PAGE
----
Life is a tabula rasa, a blank sheet according to John Locke. Now, the pencil, which impresses its being on the tab, is only sharpened every till after it becomes dull or pointless, after by all means getting exhausted, wood and lead, and the sharpening is always a painful, purging experience. It need lose a lot of itself in order to gain the sharpness it desires. In the words of a forgotten poet, “[it] has to bleed, to purge, the dreams and the words, which in the humdrum of inexperience are being deliberated whether to be pursued and sustained or, be detested and deleted yet fittingly are disposed again on the deck to draw upon in time.” Tonight, a pointless pencil is sad and hurting because it can feel the blades of the sharpener cutting through it with every shedding.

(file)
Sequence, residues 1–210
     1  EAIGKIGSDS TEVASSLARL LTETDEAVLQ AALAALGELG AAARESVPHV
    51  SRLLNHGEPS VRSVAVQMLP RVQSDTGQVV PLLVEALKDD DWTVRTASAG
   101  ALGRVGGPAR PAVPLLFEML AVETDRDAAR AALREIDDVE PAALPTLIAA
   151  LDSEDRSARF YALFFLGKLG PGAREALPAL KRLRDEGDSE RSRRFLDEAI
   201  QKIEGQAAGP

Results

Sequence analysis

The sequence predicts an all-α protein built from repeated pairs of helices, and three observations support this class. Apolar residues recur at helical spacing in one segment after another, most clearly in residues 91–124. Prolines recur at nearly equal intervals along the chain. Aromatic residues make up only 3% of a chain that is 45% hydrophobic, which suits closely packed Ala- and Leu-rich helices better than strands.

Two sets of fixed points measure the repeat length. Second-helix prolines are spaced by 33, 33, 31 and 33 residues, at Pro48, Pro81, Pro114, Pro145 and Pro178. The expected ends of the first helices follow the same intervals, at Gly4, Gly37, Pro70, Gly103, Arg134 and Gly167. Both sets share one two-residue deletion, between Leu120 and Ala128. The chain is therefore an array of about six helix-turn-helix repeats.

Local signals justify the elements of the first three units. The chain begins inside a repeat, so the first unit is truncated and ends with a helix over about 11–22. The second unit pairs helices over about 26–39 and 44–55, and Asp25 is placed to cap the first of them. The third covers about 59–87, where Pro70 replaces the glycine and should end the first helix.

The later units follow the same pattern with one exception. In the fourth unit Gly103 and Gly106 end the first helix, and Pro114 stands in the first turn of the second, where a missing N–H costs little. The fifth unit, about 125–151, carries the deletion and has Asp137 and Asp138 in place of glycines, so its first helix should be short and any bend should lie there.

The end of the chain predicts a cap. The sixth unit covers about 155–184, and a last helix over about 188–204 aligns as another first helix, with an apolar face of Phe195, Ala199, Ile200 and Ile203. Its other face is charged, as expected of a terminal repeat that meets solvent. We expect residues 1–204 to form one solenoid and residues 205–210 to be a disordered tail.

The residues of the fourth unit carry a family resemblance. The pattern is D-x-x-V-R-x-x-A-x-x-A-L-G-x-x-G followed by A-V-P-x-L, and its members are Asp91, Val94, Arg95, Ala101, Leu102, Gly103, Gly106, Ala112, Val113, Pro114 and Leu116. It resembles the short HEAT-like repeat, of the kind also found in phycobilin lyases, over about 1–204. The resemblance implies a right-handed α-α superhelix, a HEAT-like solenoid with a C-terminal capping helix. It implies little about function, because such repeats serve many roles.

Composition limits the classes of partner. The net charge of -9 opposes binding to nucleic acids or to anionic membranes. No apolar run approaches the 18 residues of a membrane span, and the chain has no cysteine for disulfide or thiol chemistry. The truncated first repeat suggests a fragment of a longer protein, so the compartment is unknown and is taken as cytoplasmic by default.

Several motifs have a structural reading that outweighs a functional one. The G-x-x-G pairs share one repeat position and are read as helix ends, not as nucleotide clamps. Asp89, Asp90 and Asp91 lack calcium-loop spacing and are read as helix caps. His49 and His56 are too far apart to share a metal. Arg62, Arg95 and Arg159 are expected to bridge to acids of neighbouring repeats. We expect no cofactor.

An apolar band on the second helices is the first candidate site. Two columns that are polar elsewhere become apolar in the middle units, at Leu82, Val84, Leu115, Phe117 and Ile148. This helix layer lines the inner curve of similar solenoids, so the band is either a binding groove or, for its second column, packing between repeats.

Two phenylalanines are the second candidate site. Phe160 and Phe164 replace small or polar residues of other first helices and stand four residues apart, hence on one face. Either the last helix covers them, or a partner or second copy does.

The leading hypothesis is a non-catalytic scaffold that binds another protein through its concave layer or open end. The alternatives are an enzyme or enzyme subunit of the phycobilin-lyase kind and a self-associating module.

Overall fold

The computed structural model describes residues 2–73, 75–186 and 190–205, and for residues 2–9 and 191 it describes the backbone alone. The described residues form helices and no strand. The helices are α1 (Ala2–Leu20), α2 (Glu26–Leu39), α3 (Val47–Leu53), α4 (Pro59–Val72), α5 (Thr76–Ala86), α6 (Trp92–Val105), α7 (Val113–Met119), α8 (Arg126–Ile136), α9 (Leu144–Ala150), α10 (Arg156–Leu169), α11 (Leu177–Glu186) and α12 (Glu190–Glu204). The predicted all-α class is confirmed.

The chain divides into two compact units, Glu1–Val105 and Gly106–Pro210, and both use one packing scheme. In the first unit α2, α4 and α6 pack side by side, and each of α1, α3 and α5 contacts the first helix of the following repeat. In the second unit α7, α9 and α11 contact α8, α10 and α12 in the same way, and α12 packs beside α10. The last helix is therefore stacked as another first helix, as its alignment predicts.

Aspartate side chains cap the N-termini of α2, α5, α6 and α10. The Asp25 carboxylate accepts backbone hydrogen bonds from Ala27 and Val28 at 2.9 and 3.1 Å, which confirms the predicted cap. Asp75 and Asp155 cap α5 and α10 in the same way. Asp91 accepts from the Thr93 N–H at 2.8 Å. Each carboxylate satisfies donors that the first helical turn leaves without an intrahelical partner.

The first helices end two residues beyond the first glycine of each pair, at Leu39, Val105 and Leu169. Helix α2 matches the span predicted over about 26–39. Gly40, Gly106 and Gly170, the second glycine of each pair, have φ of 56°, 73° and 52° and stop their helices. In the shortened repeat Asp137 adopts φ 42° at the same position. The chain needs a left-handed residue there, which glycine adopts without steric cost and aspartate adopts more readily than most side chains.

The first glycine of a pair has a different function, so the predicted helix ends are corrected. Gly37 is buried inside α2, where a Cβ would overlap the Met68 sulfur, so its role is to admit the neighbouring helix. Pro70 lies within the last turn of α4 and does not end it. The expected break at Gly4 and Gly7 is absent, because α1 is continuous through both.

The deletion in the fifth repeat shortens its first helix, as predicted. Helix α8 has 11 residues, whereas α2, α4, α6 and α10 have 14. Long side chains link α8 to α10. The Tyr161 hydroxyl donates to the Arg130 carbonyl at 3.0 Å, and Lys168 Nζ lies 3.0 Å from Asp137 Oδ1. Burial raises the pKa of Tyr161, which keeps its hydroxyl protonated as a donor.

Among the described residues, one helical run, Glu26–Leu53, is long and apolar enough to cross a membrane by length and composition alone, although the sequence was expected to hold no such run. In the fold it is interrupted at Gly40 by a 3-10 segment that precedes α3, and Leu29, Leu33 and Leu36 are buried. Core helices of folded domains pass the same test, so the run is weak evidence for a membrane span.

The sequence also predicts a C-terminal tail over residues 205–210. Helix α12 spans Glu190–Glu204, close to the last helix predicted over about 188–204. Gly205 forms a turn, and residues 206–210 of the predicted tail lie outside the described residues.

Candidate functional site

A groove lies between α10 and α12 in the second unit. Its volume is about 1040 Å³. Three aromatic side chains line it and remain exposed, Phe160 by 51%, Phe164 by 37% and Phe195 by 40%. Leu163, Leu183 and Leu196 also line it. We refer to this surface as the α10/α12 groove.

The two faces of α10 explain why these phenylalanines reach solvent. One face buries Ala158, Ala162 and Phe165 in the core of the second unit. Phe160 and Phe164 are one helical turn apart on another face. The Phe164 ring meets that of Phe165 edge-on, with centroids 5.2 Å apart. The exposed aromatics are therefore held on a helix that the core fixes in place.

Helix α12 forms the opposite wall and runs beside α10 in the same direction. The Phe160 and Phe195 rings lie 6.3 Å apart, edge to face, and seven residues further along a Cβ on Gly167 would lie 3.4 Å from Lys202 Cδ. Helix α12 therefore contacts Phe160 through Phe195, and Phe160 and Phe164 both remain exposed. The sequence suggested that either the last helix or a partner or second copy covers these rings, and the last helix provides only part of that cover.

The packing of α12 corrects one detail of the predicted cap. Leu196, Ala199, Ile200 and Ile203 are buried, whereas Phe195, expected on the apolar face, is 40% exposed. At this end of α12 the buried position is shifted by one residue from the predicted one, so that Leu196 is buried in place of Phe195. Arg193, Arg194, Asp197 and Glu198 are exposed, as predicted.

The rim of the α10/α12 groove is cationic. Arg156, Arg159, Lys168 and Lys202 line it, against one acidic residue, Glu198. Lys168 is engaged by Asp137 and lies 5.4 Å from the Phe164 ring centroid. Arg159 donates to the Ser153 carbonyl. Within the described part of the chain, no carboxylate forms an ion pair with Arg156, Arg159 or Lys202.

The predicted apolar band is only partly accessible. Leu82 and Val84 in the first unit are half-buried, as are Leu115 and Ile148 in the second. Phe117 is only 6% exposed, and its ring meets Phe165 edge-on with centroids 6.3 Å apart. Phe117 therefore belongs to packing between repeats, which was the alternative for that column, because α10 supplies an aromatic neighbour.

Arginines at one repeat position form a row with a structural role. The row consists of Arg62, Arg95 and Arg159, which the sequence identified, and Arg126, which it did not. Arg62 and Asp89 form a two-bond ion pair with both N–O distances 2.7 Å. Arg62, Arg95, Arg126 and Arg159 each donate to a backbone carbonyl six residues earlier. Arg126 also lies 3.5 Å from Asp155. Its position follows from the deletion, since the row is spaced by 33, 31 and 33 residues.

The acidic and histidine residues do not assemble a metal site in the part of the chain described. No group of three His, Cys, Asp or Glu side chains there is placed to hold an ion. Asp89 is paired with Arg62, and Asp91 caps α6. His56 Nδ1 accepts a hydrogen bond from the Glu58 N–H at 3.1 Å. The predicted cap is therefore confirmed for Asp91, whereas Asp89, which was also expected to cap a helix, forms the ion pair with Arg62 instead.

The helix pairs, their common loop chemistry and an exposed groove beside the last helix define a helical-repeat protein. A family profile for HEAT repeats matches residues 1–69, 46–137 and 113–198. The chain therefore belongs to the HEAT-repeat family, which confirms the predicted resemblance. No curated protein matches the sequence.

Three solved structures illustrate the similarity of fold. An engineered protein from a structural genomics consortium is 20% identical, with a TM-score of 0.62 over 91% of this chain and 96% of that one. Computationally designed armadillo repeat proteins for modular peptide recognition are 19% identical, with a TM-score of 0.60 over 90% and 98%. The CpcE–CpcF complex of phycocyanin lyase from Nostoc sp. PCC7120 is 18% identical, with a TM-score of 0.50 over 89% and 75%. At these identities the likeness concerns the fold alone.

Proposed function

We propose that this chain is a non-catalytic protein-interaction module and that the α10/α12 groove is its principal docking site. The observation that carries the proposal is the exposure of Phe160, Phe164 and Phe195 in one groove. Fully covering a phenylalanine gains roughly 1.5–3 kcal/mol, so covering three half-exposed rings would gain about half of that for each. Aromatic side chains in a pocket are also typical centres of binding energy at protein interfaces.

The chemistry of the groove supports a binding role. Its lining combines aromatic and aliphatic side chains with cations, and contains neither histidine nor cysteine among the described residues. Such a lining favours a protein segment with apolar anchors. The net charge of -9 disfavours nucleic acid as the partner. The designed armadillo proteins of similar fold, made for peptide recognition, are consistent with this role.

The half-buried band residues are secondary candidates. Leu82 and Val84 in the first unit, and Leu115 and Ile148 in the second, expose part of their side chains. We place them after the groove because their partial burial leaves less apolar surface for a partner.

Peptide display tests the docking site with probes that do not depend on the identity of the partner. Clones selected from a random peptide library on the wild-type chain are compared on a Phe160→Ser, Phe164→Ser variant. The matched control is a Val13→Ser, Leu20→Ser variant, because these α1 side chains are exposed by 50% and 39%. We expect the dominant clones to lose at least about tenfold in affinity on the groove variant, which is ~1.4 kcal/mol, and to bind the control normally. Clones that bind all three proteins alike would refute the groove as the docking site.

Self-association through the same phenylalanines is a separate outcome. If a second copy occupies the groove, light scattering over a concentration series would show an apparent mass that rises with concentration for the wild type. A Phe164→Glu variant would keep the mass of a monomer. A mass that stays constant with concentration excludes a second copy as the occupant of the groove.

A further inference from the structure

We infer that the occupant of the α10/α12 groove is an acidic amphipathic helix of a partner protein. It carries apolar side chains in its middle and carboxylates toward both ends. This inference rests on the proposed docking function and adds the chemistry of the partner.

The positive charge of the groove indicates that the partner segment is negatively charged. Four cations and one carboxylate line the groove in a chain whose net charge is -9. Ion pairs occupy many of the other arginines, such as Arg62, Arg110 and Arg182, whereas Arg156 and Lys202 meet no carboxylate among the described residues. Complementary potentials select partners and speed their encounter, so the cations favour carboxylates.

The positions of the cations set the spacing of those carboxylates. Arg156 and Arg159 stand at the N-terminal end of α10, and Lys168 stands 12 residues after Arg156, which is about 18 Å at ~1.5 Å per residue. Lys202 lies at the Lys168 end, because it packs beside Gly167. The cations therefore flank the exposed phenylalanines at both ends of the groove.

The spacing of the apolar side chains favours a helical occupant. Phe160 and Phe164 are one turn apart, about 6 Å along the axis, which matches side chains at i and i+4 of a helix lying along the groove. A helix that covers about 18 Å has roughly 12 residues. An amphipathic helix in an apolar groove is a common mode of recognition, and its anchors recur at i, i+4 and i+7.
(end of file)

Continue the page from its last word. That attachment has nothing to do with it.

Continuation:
Read more: Musings of the Midnight Writer: How to Sharpen a Pointless Pencil
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